A theological iconoclast on 'Start the Week'

A theological iconoclast on 'Start the Week'

BBC Radio 4's stimulating 'Start the Week' programme, hosted by Andrew Marr, ran a special edition this morning (18 October 2010) discussing morality, religion and politics. It featured irascible and creative US theologian Stanley Hauerwas.

Alongside him was the philosopher, humanist and former Professor of Geriatric Medicine Raymond Tallis, the former Conservative MP John Gummer, now Lord Deben, who converted to Catholicism in 1994, and philosopher Mary Warnock, who in her latest book, Dishonest To God, seeks to separate out morality, politics and religion.

Stanley Hauerwas, for those who don't know him, is the Gilbert T Rowe professor of theological ethics at Duke University Divinity School and has been described by Time magazine as "America's best theologian". He is a thorn in the side as much to comfortably liberal, accomodationist Christianity as he is to obscurantist conservatism, and is often thought of as a prime exponent of Anabaptism, though he is by tradition a Methodist who worships in an Episcopal Church.

Hauerwas is also a redoubtable pacifist Christian thinker who, so to speak, takes no prisoners! In this programme he gently but firmly disputed the language of 'moral sense' (talking instead of character-formation), the definition of Christianity as 'religion', the disaster of conceiving politics independently of morality (a distinctly 'modernist' heresy), the concept of the sanctity of life ("God is holy, life is not"), the distinction between doing to death and the possessive preservation of life, the separation of theology and rationality, the Christian preoccupation with lust rather than greed, establishment religion in England and civil religion in the USA, the 'war on terror' as a legitimation of war without end, the failure of 'just war' thinking, and more.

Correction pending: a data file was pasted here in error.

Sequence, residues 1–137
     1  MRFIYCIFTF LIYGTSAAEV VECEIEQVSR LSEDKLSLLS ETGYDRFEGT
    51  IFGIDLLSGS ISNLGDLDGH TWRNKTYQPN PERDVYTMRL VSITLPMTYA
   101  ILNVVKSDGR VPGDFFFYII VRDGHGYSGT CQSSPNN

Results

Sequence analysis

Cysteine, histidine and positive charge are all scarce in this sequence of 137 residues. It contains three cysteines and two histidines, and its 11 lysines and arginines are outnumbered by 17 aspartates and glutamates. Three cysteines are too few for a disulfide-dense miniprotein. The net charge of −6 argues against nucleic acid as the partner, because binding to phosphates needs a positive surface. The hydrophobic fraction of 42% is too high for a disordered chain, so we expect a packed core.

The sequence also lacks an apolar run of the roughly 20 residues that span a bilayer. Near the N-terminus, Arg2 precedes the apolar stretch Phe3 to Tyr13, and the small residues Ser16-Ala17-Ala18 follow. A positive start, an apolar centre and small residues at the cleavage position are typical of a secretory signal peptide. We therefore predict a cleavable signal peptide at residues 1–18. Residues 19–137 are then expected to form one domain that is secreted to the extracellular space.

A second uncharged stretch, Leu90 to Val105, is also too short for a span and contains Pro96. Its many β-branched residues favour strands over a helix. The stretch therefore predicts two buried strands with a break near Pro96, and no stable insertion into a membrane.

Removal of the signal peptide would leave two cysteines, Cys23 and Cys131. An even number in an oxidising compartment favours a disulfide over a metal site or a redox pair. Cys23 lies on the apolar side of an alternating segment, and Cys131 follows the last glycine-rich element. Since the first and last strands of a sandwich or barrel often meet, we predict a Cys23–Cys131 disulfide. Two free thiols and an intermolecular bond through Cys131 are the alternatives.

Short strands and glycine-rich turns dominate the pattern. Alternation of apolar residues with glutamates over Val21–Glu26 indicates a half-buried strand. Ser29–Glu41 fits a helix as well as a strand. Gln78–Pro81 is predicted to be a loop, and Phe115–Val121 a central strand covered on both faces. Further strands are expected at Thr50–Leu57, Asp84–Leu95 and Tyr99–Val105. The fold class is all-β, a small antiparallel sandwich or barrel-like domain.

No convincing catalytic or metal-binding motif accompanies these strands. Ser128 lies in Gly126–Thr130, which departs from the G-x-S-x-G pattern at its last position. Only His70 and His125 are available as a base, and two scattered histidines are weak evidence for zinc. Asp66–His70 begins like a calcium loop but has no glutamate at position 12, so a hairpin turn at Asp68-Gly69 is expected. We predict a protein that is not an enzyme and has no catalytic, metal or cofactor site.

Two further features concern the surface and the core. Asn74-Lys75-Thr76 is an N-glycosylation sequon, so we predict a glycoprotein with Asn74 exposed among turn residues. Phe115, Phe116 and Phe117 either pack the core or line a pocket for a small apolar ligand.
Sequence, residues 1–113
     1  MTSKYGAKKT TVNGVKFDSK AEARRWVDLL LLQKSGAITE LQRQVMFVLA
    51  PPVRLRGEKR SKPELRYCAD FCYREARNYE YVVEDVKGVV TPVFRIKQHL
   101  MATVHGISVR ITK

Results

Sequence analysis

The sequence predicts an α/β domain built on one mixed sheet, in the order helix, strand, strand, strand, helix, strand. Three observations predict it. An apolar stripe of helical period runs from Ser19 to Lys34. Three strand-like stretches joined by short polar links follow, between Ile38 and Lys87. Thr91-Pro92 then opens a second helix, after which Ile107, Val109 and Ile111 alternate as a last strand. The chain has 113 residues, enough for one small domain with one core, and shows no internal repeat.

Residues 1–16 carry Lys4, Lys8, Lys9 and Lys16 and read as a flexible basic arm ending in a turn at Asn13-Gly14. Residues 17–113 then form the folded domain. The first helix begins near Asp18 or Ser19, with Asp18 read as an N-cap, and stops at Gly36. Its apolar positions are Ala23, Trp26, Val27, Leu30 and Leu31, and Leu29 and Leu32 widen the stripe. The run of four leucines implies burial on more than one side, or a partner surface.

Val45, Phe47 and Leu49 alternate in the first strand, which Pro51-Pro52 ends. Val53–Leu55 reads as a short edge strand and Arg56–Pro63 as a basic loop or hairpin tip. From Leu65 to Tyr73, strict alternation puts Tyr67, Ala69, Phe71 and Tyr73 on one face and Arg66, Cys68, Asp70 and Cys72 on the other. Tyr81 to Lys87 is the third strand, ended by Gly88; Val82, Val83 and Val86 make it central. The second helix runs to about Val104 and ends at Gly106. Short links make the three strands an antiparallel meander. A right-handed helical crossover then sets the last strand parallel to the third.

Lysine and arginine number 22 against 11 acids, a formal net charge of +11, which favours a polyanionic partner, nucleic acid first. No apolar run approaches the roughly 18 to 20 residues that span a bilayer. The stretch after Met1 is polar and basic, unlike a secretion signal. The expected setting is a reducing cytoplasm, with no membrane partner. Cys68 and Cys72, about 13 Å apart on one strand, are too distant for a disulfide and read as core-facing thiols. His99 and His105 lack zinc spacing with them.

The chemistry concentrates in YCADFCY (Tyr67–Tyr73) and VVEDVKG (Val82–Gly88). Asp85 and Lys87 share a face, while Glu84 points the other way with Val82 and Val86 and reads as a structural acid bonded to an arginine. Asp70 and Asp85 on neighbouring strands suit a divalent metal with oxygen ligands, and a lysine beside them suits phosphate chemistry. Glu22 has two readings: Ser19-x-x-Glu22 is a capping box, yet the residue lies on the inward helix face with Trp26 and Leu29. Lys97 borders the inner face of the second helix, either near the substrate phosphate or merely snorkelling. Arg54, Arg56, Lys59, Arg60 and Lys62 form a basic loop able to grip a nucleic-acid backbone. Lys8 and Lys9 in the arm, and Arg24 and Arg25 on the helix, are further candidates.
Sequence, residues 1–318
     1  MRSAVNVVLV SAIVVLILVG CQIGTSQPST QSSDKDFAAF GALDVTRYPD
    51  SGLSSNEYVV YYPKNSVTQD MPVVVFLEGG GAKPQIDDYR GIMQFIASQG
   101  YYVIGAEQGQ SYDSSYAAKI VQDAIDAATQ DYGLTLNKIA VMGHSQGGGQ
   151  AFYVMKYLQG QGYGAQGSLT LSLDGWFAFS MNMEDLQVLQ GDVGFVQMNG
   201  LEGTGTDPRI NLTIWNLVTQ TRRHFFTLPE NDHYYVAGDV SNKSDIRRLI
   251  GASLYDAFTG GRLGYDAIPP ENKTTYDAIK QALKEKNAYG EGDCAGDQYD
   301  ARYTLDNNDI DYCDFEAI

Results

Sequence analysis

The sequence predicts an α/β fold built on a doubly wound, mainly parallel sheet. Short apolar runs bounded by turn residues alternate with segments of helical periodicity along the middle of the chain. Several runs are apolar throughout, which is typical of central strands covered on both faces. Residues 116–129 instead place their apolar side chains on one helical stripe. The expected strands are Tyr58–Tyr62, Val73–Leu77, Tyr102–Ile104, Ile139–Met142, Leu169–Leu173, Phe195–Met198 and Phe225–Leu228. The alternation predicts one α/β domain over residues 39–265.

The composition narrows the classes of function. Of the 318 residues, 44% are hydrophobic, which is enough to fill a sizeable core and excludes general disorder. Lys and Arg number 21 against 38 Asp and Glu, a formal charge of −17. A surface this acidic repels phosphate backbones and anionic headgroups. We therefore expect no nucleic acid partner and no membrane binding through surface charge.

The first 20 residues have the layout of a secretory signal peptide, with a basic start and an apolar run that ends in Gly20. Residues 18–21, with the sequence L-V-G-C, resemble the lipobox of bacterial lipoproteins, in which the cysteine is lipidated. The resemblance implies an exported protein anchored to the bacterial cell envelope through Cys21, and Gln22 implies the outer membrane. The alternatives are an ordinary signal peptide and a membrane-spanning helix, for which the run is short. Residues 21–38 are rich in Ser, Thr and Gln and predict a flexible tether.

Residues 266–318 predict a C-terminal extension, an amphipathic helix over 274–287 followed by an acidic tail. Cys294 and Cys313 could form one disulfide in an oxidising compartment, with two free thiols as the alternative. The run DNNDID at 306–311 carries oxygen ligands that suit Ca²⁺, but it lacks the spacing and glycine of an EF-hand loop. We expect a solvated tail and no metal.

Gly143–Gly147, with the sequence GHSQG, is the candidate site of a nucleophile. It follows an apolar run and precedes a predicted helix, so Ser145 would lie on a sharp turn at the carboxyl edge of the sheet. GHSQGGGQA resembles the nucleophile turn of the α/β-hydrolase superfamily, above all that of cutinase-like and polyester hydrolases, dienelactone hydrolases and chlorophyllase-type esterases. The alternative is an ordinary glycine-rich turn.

Raymond Tallis made some extremely powerful points, too. "The Church is a massive accumulation of Mammon, a great heap of things. of the such that would make most poor people extremely envious," he said. And "they [the leaders of the church] put all their sentiments behind the poor, and all their power behind the rich... and I think Stanley [Hauerwas] sets that out very well when he talks about how unhelpfully close churches in America are to the 'American project', patriotism, 'the American dream' and so on."

In response to criticisms from Mary Warnock about religion that thinks of itself as morally superior, or which seeks to direct others from a supposed position of superiority, Hauerwas responded with clarity and simplicity - and in a way which would very much echo what we see Ekklesia as doing.

He said: "I represent a form of Christianity which is non-Constantinian. Most of Christianity in recent times - well, since Constantine - thought it needed to rule. I represent what I like to call the peasant view of Christianity. I just want to know who's ruling me and how I can survive them. In the process, I hope to make a contribution [addressed] to those who rule."

Underlying this, it was clear from other remarks, is a vision of God which is very different from the Constantinian monarch upheld by establishment and civil religion - but which nonetheless takes scriptural categories like holiness and judgement with great seriousness.

Perhaps Hauerwas' best and funniest line, echoed in a fine recent article in the Guardian (How real is America's faith?) was: "When George Bush is described as a sincere Christian, that is just an indication of how little being a Christian has to do with sincerity."

Equally importantly, he declared: "To coercively ask someone to worship God would be a denial of the very character of God."

I hope those who justify, in the name of Christianity, the imposition of collective worship in Britain's publicly-funded schools, were listening.

The whole programme can be downloaded as a podcast from the BBC's website here: http://www.bbc.co.uk/podcasts/series/stw

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(c) Simon Barrow is co-director of Ekklesia.

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